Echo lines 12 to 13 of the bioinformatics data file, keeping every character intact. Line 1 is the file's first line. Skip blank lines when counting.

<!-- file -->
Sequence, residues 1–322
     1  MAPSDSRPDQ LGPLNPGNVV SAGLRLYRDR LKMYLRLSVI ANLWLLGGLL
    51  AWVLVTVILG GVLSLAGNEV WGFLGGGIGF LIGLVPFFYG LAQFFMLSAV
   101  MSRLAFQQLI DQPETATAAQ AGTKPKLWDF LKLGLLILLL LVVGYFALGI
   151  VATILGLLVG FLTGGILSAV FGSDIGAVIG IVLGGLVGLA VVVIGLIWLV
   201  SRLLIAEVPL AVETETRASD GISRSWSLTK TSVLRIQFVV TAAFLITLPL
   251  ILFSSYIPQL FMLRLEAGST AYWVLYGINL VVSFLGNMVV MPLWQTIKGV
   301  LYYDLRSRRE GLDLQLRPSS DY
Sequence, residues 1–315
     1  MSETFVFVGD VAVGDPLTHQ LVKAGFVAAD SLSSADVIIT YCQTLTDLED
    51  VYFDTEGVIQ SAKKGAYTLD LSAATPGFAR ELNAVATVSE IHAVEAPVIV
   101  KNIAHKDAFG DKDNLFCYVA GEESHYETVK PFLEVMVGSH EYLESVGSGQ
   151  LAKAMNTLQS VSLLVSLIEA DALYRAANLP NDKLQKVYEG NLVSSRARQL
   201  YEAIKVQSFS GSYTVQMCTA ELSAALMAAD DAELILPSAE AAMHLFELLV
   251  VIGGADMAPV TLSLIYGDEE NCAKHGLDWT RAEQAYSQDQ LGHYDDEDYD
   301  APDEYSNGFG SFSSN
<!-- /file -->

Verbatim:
   101  KNIAHKDAFG DKDNLFCYVA GEESHYETVK PFLEVMVGSH EYLESVGSGQ
   151  LAKAMNTLQS VSLLVSLIEA DALYRAANLP NDKLQKVYEG NLVSSRARQL